RFP-1: The Test & Evaluation
I've run all the requisite bench tests to confirm
the utility of the circuit design. But as
necessary as all that is, to confirm the circuit,
parts selection, architecture, and wiring, I (as
always) was chomping at the coax to get this
As all good radio-persons know; the proof of
the pudding in the tuning ... or something like
First, the MMIC preamplifier chip is quiet.
There is no perceivable added noise, although
on the bench, the test equipment indicated
what Minicircuits advertised their MAR-6A to
do: about 20 dB and an NF of about 3 to 3.5
dB. I have used 500K linear pots for the
"Drive" (attenuator) and "Gain" controls. They
put the source and load impedances well
within the capabilities of the preselector's L/C
filters. I chose 10:1 so as to not load down the
thru-bus circuitry (50 Ohms) and yet allow
enough rotational control over the indicated
I have discussed the precelector functions
elsewhere on this site. To recap, the "Q" of
the series, low impedance, L/C combinations
is certainly high enough to provide a high
degree of on-channel filtering. Depending on
where it's employed, it will provide about 18 to
48 dB of selectivity -- that's the actual
bandpass for the selected frequency or
band-stop for interfering adjacent stations.
The 4 "Level" controls are actual RF Gain
controls and fed from the 4-way wideband
multicoupler. The advantage to these is that
the operator can control the various receivers'
input signal level prior to the signal entering
the receiver. This is an important
consideration in controlling the radio's front
end and AGC functions, thereby reducing or
(actually) eliminating intermod and overload.
For convenience, each level control has a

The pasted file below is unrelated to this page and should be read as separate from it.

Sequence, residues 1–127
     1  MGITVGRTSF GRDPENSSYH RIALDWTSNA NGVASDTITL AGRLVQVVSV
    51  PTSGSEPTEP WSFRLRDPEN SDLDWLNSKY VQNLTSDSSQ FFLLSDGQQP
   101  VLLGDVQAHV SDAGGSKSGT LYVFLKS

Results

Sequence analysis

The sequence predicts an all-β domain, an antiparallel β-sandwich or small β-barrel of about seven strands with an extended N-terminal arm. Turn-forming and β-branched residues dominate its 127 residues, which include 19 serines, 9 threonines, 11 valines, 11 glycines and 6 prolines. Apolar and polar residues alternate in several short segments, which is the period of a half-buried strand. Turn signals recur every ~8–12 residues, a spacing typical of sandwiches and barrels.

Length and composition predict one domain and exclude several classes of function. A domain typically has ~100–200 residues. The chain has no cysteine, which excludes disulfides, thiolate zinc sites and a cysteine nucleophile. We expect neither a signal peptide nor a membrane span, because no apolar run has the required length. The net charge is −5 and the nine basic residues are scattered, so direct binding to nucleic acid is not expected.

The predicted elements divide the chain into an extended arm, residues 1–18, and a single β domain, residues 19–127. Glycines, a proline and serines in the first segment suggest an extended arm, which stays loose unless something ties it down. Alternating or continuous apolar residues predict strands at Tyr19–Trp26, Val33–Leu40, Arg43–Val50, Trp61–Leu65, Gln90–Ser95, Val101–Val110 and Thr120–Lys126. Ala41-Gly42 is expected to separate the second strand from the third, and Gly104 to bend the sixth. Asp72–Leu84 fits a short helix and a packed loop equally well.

switch which disconnects, and grounds, the
radio's connection -- for muting purposes.
Additionally, the operator does not have to
readjust the control when returning to that
For this project, I elected to use transformer
matching at the front end of the RFP-1. On
other models, I used Pi-Netork tuners, but
have come to appreciate the utility of a single
knob for matching to the most appropriate
"neighborhood" of feed impedance, rather
than fine tuning 3 knobs for an exact match.
Regardless of what you have heard,
impedance matching is important for receivers
if hearing very weak signals is important to
you. Since matching the antenna at the
desired frequency increases the energy
transfer at that frequency, it tends to reduce
out of band noise, which is coupled in a less
efficient manner. This may seem like a
somewhat insignificant issue for most
surveillance and intercept requirements, but
the effect can be quite noticeable during
difficult monitoring tasks.
The VLF Converter works very well. It is
actually a 10 MHz crystal upconverter. Tuning
from 20 KHz to 500 KHz is accomplished on
the receiver's 10 MHz band -- from 10.020 to
10.500 MHz. It is clean and accurate, and
actually has some gain.
The Marker Generator is designed for 100
KHz. There's not much to say about that and
it's probably a superficial option given today's
radios, but it sure is nice to have when using a
Collins 51S1, R390, or other analog display
The green LED indicates the particular band selected of the
Selectivity section of the preselector. High-Q or wider Low-Q can
be selected (and is indicated by the brightness of the LED).
The blue LEDs indicate that all bands are available and that
adjustment is broad-banded through the use of the "Trim" control
in the Selectivity section of the preselector.
The red LED indicates that the preselector function is bypassed
and that no bands may use any Selectivity adjustments. Switching
from green to red (or blue to red) quickly allows the operator to
hear the reception effects of the preselector.